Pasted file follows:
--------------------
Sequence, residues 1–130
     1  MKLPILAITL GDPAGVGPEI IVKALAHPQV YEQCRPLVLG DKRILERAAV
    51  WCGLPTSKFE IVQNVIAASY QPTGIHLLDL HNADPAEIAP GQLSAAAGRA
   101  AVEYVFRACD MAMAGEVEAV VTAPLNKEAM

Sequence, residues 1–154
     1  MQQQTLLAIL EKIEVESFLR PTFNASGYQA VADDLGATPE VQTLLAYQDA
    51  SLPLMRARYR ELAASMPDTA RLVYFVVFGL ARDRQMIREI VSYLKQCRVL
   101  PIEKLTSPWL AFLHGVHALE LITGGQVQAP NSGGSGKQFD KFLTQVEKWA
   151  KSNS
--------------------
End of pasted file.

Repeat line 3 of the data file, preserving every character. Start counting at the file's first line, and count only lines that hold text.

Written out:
    51  WCGLPTSKFE IVQNVIAASY QPTGIHLLDL HNADPAEIAP GQLSAAAGRA